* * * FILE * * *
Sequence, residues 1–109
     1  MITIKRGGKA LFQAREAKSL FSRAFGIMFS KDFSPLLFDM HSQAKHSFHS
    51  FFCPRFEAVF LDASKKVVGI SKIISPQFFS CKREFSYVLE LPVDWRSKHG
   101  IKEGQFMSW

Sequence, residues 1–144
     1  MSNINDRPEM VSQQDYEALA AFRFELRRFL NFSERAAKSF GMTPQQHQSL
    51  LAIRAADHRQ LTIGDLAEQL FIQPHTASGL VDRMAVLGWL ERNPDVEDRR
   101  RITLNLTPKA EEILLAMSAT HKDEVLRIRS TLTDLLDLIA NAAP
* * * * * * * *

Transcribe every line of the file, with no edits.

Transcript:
Sequence, residues 1–109
     1  MITIKRGGKA LFQAREAKSL FSRAFGIMFS KDFSPLLFDM HSQAKHSFHS
    51  FFCPRFEAVF LDASKKVVGI SKIISPQFFS CKREFSYVLE LPVDWRSKHG
   101  IKEGQFMSW

Sequence, residues 1–144
     1  MSNINDRPEM VSQQDYEALA AFRFELRRFL NFSERAAKSF GMTPQQHQSL
    51  LAIRAADHRQ LTIGDLAEQL FIQPHTASGL VDRMAVLGWL ERNPDVEDRR
   101  RITLNLTPKA EEILLAMSAT HKDEVLRIRS TLTDLLDLIA NAAP